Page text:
chapter  11
12 Pages

The Cold War Culture of Communist Parties Marc Lazar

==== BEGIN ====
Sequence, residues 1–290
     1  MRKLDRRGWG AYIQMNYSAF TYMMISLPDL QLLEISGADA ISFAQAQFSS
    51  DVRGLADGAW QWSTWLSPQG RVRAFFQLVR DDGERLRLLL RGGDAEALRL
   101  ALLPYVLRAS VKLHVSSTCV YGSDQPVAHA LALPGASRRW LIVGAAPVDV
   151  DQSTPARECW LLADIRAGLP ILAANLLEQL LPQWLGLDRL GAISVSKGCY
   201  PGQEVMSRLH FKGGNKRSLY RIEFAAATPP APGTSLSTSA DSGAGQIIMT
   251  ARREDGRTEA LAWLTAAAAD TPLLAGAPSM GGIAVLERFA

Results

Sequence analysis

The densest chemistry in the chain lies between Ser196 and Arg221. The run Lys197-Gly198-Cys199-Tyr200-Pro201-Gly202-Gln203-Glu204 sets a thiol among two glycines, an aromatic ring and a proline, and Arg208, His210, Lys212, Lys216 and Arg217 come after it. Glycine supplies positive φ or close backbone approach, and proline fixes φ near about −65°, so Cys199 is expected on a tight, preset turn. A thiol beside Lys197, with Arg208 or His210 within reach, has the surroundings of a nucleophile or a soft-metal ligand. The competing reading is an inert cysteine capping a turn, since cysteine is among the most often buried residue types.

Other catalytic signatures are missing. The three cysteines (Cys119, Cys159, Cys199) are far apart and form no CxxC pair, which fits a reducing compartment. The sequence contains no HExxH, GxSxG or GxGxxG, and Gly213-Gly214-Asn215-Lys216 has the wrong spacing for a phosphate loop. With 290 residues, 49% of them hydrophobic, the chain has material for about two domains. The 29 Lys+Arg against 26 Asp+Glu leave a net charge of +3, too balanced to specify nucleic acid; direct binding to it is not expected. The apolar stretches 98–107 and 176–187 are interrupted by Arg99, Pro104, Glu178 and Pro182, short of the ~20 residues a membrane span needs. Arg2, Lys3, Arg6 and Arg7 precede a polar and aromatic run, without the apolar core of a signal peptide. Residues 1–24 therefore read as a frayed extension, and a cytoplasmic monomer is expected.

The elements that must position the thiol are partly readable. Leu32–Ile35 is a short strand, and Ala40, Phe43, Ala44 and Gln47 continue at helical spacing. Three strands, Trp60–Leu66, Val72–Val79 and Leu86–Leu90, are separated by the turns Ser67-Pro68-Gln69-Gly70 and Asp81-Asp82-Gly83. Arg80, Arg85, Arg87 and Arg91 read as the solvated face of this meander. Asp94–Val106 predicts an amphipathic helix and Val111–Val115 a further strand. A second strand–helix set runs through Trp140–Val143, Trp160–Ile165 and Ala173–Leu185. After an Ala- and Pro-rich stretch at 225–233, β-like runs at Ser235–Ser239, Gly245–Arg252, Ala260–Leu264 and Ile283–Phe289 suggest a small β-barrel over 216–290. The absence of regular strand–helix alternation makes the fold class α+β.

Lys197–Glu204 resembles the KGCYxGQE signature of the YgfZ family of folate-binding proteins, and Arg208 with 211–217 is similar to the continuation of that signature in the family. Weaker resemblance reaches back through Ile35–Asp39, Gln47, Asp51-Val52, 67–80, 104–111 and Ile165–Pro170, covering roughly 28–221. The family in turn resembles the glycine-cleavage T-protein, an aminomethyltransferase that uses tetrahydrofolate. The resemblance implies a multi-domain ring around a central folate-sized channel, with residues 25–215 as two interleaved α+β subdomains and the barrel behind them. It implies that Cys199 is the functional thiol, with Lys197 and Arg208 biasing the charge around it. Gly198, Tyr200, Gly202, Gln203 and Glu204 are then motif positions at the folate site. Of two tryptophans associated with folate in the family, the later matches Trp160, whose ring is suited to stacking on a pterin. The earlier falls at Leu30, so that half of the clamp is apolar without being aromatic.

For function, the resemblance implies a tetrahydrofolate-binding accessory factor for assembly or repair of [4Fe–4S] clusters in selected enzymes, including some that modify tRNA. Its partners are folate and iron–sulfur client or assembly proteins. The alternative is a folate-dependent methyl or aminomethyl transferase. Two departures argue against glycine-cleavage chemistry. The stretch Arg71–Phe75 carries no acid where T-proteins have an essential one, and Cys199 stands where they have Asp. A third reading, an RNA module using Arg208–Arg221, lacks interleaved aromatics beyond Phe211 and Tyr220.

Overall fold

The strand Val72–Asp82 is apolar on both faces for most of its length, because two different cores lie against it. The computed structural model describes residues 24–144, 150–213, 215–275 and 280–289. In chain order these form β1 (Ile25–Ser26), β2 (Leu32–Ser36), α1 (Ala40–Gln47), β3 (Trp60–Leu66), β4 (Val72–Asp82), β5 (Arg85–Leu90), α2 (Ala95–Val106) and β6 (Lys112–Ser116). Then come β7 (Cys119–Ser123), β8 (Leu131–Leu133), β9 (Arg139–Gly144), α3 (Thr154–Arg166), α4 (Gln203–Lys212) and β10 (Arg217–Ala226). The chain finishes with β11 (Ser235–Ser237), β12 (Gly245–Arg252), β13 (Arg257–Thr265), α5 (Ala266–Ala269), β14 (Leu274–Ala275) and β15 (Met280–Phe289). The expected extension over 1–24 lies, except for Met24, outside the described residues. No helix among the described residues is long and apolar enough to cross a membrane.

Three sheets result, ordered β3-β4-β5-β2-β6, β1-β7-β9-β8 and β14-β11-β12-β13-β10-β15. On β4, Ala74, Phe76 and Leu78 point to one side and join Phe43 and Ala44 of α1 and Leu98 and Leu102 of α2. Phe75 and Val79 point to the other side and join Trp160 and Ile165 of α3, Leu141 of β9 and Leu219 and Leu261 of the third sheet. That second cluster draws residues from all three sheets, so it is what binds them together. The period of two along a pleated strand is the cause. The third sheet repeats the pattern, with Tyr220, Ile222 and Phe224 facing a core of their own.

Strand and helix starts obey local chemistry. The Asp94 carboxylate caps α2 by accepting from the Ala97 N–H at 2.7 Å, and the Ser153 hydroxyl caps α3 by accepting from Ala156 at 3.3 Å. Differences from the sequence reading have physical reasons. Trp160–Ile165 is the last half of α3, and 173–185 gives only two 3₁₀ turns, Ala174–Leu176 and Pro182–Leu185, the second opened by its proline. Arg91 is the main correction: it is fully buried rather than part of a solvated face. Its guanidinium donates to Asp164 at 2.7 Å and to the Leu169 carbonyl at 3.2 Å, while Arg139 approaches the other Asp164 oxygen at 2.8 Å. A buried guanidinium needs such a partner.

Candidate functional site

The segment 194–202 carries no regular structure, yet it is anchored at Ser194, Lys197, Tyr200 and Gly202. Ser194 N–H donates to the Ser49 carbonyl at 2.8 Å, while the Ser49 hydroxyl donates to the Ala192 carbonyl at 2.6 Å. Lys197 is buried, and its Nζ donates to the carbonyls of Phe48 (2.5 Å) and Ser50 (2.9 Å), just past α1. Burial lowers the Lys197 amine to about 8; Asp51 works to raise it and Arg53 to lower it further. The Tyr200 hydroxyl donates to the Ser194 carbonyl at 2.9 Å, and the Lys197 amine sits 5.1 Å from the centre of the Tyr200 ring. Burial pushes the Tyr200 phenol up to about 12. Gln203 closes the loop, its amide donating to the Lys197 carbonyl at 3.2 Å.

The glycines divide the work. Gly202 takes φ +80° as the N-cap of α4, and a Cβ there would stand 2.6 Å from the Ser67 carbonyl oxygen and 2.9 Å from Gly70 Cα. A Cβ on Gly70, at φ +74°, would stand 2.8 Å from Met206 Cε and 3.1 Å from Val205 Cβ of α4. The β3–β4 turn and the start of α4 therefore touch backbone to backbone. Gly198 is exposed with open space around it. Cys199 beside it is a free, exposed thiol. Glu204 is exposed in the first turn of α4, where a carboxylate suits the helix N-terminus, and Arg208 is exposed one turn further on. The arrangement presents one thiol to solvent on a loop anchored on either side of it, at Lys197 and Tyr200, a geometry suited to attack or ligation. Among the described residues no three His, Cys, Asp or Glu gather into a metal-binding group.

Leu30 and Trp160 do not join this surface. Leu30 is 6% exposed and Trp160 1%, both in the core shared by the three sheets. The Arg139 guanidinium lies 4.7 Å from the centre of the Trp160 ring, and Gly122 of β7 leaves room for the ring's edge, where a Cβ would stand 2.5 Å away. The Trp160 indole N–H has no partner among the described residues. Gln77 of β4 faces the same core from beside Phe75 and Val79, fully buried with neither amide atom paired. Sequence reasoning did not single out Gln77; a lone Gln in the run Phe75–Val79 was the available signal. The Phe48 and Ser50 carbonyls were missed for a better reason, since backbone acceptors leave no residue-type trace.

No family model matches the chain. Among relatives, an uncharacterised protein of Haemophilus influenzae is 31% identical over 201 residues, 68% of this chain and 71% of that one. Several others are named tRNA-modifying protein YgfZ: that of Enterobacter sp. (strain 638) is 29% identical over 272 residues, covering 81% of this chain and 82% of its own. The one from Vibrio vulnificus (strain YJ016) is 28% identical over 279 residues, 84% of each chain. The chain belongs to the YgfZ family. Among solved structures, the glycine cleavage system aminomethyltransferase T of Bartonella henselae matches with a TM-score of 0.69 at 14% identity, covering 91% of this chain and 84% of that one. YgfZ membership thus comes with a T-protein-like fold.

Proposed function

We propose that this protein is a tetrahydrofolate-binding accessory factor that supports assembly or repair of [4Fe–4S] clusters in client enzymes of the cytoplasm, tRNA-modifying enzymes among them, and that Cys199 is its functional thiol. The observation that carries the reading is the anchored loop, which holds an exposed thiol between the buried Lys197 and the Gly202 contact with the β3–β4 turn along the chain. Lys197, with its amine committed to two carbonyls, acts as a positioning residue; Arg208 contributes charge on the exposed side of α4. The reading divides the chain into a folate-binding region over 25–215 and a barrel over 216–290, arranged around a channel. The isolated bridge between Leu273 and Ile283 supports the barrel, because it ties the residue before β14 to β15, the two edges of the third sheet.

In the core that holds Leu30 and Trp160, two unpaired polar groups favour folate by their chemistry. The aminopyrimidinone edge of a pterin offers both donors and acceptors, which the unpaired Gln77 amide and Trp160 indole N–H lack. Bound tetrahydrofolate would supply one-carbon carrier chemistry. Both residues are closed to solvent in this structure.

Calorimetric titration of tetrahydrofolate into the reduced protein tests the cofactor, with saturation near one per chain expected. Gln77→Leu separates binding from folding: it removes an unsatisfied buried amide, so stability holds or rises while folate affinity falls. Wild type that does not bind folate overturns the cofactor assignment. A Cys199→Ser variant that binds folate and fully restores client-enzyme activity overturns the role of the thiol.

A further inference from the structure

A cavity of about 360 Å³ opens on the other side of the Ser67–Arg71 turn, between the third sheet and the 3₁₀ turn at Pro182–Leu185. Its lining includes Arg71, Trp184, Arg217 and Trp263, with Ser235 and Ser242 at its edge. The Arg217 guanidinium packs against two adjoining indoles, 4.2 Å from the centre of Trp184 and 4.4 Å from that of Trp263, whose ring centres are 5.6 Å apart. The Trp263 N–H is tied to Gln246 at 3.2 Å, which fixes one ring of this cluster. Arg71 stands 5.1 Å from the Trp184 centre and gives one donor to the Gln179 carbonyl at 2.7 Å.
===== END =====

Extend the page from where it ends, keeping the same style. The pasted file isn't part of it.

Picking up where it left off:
My subject calls for some preliminary remarks.1 By 'Cold War culture', I refer to an intense moment that exaggerated certain aspects of the political culture of the French and Italian communist parties. Of course, the idea of political culture raises an impressive array of conceptual or methodological problems and objections.2 In the hope of escaping 'culturalist' or 'systemic' definitions, I prefer to take an anthropological approach to culture, considering it a way of life, a 'grammar of communication', a 'symbolic process of social interaction' or 'a complex body of norms, symbols, myths and images that penetrate the inner self of the individual, structure instincts and orient emotions', to use the definitions of Clifford Geertz, Pitirim Sorokin or Edgar Morin.3 In this perspective, a culture is not innate, essential or timeless, but rather is repeatedly subject to re-composition and transaction, and is marked both by permanence and change.4 The same thing applies to political culture, which, by extension, represents an ensemble of ideas, values, symbols and beliefs and a diverse multitude of rules and practices. The combination of these elements gives meaning to reality, sets down rules of the game, shapes political behavior and helps inculcate social norms.5